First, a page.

“I hope we can get to a unanimous vote on this because of the message it will send our community,” said Commissioner Jasmine Beach-Ferrara minutes before a June 16 vote by the Buncombe County Board of Commissioners to decide the fate of several Confederate monuments in downtown Asheville.
“A message that we are ready to turn the page, that we are ready to heal, that we are ready to stand shoulder to shoulder in this work — and perhaps above all, that we are ready to do more than remove monuments and replace them,” Beach-Ferrara continued. “We’re ready to tackle the really critical policy questions that get to the structural inequities that haunt our community and that simply don’t need to.”
But when the votes were tallied, the board sent a decidedly different message. Commissioners remained divided along partisan lines: Beach-Ferrara and her three Democratic colleagues voted to remove the monuments, while Republicans Joe Belcher, Anthony Penland and Robert Pressley voted against the move.
Pressley, who is running against Democrat Brownie Newman to become the commission’s chair, seemingly dismissed the overwhelming tide of public comment asking the board to take action. Earlier in the meeting, Beach-Ferrara reported that the commissioners had received 549 email or voicemail comments in support of monument removal, with only 19 comments asking for the markers to remain.
“Yes, there was more to take it down, but that was because of what was publicized: ‘Hey, let’s everyone get together.’ We know how people post and paste on here,” Pressley said. “Half of these people, or probably more than that, that wrote in here really don’t even know about that monument, what it really — we have people that read the headlines. And I’ve always said, that is what I dislike about the media the most.”
Meanwhile, Penland objected to being left out of earlier consultations between the board’s Democrats and Asheville Mayor Esther Manheimer regarding the resolution’s scope and wording. Asheville City Council had unanimously passed a similar resolution regarding the Confederate monuments on June 9.
Penland also suggested that changes to the Vance Monument in particular would not help Buncombe County address issues of racial justice. “You want to repurpose the Vance Monument? Put a 65-foot cross in the center of downtown Asheville, because the only way we’re going to heal this land is to look to our almighty God and pray to him that we change people’s hearts,” he said. “I don’t look at that monument for my values: I look upward.”
And although Belcher noted he “would not disagree that [the resolution] would be a start, a movement that something was being done,” he said that removing monuments wouldn’t fix the county’s inequities. Instead, he remained focused on opportunity gaps within county and city schools and said the commissioners needed to have deeper discussions about change.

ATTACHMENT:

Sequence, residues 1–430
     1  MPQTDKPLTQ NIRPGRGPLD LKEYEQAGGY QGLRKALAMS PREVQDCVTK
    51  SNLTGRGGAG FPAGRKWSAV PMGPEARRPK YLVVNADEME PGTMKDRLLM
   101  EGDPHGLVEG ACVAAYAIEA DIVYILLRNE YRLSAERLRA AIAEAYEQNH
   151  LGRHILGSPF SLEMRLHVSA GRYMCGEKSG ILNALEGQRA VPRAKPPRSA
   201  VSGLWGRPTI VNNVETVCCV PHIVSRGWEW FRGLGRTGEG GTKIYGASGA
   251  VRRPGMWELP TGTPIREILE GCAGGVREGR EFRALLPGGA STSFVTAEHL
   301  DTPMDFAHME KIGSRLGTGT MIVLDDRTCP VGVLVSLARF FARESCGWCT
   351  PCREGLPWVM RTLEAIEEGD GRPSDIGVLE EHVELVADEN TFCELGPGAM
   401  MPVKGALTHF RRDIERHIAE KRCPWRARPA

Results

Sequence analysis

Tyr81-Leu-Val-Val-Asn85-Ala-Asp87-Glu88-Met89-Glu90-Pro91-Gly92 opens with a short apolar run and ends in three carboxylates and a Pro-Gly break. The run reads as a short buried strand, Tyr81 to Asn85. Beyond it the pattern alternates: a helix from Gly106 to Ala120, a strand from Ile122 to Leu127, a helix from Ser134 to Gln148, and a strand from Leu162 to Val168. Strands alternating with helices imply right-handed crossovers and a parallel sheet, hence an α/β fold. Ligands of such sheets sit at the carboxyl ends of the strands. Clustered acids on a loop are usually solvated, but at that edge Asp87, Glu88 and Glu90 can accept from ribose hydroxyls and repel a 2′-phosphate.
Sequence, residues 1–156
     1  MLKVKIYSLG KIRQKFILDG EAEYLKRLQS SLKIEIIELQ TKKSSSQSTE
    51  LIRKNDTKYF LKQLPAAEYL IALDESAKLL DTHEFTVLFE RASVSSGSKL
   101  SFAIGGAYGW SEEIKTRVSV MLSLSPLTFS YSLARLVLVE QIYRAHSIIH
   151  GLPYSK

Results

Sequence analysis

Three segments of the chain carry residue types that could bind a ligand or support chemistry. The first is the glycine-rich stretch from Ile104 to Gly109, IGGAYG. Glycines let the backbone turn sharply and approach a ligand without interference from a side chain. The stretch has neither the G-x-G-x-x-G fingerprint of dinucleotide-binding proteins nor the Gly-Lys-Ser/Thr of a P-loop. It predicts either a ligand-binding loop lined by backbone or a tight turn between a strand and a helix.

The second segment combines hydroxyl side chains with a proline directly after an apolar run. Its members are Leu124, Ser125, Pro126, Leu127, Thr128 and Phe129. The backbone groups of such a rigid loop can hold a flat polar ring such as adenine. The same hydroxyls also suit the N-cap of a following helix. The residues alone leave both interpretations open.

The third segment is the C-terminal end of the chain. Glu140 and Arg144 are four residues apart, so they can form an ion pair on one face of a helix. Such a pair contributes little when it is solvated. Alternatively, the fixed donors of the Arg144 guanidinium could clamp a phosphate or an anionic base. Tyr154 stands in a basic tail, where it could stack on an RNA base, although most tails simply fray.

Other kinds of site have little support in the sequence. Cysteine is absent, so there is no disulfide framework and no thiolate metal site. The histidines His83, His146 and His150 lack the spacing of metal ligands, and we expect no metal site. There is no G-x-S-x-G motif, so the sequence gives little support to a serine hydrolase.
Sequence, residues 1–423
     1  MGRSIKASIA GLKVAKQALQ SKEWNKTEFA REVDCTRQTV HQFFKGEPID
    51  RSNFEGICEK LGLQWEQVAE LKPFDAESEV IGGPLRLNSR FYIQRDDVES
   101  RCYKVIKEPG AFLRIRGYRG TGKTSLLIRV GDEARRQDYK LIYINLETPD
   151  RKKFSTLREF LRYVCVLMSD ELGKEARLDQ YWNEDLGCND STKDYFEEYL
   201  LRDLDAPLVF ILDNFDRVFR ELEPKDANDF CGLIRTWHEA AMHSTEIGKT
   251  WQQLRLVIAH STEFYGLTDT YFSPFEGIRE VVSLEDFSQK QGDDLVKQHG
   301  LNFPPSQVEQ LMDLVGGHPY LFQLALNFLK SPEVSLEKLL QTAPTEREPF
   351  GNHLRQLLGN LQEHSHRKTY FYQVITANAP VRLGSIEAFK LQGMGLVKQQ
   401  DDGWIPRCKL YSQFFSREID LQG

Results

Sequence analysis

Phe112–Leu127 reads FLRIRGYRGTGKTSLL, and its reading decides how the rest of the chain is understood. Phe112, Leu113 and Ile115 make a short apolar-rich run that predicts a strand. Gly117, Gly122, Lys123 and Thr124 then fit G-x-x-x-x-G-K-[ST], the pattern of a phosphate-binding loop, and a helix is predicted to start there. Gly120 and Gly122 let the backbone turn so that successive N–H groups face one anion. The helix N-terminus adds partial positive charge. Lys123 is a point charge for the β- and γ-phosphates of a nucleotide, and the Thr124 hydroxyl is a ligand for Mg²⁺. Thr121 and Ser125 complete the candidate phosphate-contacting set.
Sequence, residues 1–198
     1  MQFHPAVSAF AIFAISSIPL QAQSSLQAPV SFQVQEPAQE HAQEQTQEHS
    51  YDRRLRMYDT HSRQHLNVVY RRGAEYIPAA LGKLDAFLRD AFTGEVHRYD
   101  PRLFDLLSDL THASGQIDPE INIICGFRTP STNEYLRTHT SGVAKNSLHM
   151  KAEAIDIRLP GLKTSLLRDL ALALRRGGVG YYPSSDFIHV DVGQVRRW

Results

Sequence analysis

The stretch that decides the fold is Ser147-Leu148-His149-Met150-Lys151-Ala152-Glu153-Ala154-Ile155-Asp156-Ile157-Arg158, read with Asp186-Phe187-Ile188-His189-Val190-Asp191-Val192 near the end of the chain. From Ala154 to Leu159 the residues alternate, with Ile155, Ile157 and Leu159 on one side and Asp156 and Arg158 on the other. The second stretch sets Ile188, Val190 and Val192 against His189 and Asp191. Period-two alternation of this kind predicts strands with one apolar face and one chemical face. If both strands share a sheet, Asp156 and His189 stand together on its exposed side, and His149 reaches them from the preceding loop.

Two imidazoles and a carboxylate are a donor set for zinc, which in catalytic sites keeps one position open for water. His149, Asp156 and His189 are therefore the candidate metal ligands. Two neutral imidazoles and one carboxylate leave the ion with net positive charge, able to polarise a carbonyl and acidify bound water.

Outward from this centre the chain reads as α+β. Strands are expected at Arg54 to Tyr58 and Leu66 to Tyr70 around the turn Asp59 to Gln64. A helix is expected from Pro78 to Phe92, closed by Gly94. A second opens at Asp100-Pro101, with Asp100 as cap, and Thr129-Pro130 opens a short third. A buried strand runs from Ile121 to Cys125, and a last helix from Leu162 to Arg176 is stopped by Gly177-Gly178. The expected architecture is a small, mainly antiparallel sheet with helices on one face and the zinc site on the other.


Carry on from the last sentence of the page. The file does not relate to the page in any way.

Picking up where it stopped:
“I’m not going to defend anybody. I don’t know the history of Vance. It really doesn’t matter; it’s what it represents, and I get that people are concerned about that and hurt by that,” Belcher said. “But I don’t think that the way this is written and I don’t think this is the answer, and for that, I’m not going to be supporting it.”
Democratic Commissioner Al Whitesides, the board’s only Black member, agreed with Belcher that the Confederate monuments were of only symbolic importance. But having lived with the monuments since his time as a student at Asheville’s segregated Stephens-Lee High School, he continued, change to those public symbols was well past due.
“What we’ve got to stop doing is passing that 800-pound gorilla down from generation to generation, and by that, I mean racism,” Whitesides said. “We got to deal with it. It’s going to be some uncomfortable conversations, but we’ve got to have them.”
With the passage of the resolution, the United Daughters of the Confederacy has until Monday, Sept. 14, to remove a monument to Confederate Gen. Robert E. Lee and Col. John Connally in Pack Square Park and one to the 60th Regiment of N.C. Confederate solidiers near the county courthouse. Asheville and Buncombe County will also establish a joint task force to make “a recommendation regarding the removal and/or repurposing of the Vance Monument” within three months of being appointed.
The resolution also calls for the Vance Monument to be immediately “shrouded in order to reduce its impact on the community and to reduce the risk of harm it presents in its current state.” As of press time, the 65-foot granite obelisk in Pack Square remained visible.